Excerpt from Michael Levin on Medium.com
David X Martin has worked for and consulted to some of the biggest banks and healthcare systems in the world. And when he looks at what most companies are doing to protect their information, he just shakes his head.
“It makes me crazy,” he says. “Ticketron got hacked. It was massive. Countless credit cards and other private information stolen. And then what happens a month later? British Airways gets hacked exactly the same way.
“If the people at British Airways had just paid attention to what had happened at Ticketron, they wouldn’t have suffered the same fate. But they didn’t learn from others’ experience, and that’s just typical.”
Martin says that most big firms are reactive instead of proactive when it comes to cyber risk management.
“You’re proactive with your health, right?” he asks. “You get checkups and tests every so often. You want to prevent illness, not just treat them when they show up. It’s the same concept. Businesses can’t be passive, sitting around, and hoping nothing bad happens. That’s what American intelligence agencies were doing before 9/11, and we all saw how that worked out. Organizations need to prevent attacks, not just respond after the fact.”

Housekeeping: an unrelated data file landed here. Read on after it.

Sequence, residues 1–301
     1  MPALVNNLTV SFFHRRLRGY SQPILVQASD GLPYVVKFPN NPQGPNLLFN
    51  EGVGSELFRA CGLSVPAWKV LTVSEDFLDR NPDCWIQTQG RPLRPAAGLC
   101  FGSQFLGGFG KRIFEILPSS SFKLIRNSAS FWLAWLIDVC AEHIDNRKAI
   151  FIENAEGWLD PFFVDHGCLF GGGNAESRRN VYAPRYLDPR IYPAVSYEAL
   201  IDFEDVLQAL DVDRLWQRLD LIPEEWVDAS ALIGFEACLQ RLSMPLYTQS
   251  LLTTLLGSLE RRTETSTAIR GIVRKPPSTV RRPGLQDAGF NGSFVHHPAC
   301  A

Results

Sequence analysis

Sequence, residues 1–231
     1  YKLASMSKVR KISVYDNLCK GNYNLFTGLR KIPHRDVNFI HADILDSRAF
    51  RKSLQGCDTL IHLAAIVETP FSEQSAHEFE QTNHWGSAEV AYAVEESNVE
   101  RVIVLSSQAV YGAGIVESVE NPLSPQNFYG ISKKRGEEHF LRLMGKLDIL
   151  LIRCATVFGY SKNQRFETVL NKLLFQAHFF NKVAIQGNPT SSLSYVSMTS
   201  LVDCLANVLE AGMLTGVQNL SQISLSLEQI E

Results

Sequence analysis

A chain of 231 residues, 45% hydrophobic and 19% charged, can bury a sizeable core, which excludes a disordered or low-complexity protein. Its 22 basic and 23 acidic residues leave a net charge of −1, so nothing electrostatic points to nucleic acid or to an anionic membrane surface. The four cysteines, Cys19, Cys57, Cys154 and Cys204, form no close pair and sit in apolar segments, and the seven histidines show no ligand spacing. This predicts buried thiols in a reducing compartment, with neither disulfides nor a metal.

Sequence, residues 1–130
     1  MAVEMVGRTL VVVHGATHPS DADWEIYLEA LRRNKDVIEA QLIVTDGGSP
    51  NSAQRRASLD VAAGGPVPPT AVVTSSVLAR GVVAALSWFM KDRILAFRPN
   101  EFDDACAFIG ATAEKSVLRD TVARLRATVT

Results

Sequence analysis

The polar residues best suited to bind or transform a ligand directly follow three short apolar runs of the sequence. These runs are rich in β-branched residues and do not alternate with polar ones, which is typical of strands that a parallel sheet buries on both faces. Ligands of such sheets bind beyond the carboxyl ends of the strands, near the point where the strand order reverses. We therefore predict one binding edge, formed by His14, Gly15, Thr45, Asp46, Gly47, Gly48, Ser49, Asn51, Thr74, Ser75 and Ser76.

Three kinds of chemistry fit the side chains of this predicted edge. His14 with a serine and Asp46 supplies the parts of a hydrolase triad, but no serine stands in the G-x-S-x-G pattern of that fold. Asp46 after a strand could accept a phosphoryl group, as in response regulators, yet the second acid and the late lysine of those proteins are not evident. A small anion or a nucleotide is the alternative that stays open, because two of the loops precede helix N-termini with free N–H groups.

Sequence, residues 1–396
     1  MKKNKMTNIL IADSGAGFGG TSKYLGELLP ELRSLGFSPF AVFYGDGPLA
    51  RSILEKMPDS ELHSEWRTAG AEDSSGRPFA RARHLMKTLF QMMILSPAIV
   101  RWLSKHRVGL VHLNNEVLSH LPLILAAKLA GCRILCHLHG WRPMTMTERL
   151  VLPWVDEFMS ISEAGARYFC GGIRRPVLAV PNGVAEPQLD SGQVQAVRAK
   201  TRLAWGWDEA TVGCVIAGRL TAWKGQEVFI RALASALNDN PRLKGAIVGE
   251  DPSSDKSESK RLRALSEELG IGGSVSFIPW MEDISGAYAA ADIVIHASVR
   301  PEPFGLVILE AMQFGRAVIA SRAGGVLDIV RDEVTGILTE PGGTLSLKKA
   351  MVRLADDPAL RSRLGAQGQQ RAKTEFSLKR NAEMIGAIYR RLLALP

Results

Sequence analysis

In his work consulting to boards and serving as an expert witness in major cyber risk management cases, Martin preaches the gospel of cyber wellness. “Your own personal wellness is much more than just the absence of disease — it’s bigger, more holistic than that — it’s a lifestyle. Personal wellness is about maximizing your fullest potential as a human being. Likewise, cyber wellness about maximizing your company’s fullest potential. Cyber wellness is a business strategy that needs to be the priority of boards and executive leadership. Soon, boards will be required to have a Director who has cybersecurity expertise.”
What prevents organizations from being proactive about cyber wellness? Their own operating structure, for one thing.